Seven years ago when we initiated the Most Influential Women in Business awards, it was a challenge to identify 25 outstanding female corporate leaders in St. Louis. I can remember members of the selection committee worrying aloud that we wouldn't find another 25 of equal merit the following year and certainly not the year after that.
Sometimes it's great to be wrong.
This year's 26 Most Influential Women in Business, including one representative of the non-profit sector - Sue Stepleton of Parents as Teachers - were chosen from nearly 300 nominees, many of whom had impressive credentials. With so many qualified candidates, the selection process begs the question of whether the awards are still meaningful. Have we reached the time and place that the abundance of stellar women means their accomplishments should be taken for granted? After all, we don't give awards for the Most Influential Men in Business.
Sadly, in some ways, the award is more important than ever.
No less a bastion of business as we know it than the Wall Street Journal reported just last week "the growth rate for the advancement of women in corporate America has actually slowed in recent years."
Citing research by Catalyst, an organization that tracks and promotes women in the workplace, the Wall Street Journal reported women hold 9.4% of so-called "clout" titles higher than vice president. "At the current rate of 'progress,' Catalyst concluded it will take another 40 years for women to achieve parity with men in the officer-level ranks," according to the national newspaper.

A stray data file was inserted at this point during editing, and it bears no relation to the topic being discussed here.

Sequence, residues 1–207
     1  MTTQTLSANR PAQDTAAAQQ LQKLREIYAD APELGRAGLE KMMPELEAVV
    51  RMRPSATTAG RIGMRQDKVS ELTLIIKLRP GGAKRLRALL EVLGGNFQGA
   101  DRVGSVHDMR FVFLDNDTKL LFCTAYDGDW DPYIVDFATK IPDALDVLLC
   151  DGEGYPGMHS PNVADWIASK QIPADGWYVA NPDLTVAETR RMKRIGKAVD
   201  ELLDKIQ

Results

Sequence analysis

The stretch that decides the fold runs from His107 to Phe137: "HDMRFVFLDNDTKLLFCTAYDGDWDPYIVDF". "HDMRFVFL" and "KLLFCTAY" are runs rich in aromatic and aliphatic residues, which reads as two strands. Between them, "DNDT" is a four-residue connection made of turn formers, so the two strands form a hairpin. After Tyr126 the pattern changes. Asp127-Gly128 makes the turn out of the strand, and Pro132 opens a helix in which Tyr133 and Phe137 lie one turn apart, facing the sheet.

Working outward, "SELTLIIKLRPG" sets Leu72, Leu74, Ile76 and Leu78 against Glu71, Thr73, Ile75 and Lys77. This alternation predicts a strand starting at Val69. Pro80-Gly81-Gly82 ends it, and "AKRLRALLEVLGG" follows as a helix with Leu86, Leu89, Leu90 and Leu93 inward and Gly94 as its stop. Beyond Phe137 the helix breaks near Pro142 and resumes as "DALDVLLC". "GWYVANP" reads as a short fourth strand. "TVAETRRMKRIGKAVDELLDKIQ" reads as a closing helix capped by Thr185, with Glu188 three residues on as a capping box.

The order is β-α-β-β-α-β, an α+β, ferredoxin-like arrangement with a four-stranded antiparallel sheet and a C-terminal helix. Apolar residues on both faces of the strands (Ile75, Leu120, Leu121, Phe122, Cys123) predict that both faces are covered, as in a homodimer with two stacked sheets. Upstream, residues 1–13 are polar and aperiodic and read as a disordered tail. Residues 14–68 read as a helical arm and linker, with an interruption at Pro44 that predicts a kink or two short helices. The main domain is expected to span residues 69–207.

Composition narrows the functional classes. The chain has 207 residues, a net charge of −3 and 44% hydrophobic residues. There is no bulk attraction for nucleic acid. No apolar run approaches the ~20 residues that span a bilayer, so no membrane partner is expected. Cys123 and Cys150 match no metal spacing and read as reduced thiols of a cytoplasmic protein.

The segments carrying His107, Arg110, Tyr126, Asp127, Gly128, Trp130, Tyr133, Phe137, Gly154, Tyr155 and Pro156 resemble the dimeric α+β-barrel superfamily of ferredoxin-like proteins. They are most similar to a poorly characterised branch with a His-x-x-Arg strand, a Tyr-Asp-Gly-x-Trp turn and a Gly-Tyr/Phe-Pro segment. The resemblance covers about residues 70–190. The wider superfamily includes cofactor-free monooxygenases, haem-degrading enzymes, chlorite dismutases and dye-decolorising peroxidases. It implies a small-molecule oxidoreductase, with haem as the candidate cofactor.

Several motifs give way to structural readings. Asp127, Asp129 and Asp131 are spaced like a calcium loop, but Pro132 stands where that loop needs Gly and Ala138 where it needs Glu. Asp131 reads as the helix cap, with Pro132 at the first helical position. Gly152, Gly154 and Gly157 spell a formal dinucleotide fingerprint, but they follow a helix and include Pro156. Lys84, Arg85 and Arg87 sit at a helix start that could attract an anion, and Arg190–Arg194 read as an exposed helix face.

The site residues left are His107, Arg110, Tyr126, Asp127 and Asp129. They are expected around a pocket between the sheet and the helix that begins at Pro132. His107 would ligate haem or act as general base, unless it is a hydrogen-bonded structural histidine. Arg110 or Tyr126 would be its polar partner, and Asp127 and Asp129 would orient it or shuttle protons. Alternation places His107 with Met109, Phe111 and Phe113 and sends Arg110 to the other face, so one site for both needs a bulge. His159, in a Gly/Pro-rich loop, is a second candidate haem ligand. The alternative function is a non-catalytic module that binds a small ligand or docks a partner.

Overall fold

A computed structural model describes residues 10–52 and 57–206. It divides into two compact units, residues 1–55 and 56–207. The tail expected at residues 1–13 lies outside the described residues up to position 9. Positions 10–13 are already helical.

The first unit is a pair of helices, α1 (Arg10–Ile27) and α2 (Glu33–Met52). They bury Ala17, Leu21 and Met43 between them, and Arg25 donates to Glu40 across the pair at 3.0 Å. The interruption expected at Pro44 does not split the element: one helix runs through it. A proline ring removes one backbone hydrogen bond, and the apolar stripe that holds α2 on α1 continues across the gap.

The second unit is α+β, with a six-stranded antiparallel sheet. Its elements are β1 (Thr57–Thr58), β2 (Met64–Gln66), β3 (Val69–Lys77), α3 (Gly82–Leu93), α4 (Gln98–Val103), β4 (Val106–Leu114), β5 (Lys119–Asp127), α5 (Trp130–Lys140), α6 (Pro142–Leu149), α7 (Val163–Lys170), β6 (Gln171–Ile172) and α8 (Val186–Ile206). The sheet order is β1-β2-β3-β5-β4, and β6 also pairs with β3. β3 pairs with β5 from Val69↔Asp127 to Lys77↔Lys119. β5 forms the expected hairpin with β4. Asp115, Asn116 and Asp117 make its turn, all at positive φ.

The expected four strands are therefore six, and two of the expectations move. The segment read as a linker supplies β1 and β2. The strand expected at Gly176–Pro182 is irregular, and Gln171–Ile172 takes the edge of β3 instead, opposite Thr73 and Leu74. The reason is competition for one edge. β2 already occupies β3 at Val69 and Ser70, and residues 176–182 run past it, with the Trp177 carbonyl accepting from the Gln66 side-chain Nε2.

Moses led the Israelites out of the desert in that amount of time yet women are still wandering corporate corridors looking for the corner office.
The most recent case in point in the public company arena was Pfizer's decision to name Jeffrey Kindler as CEO rather than Karen Katen, vice chairman of the company who oversees operations with revenue of more than $43 billion. The Wall Street Journal commentary titled "Cherchez la Femme," by Judith Dobrzynski, calls the handful of women who share Ms. Katen's fate, "CEOs-in-Waiting."
Of course they're all at big public companies. In St. Louis, Chief Executive Bear Maxine Clark of Build-a-Bear started her own company following a successful merchandising career at May Co. that took her to the top spot at Payless Shoes. There are many other women like Diana Tickner at Peabody who are in the executive suite. Still others like Brenda Newberry are at the top spot in smaller, private companies. Some, like Christine Duffy, run huge organizations that are part of even bigger businesses.
Women are making progress, to be sure. They make up more than a third of those who graduated with MBAs this year. Like Jan Alonzo who is chief legal counsel at United Van Lines, they're broadening their professional base and moving to the corporate world with experience as well as ambition.
Yet we still seemed surprised to see them in such powerful posts.
It's time to lose that element of surprise. Karen Katen sits on impressive corporate boards, including GM and Harris Corp. We submit there are many qualified women in this week's section of Most Influential Women in Businesss who could sit on the boards of local public companies. We shouldn't have to wait 40 years for them to make a mark on St. Louis.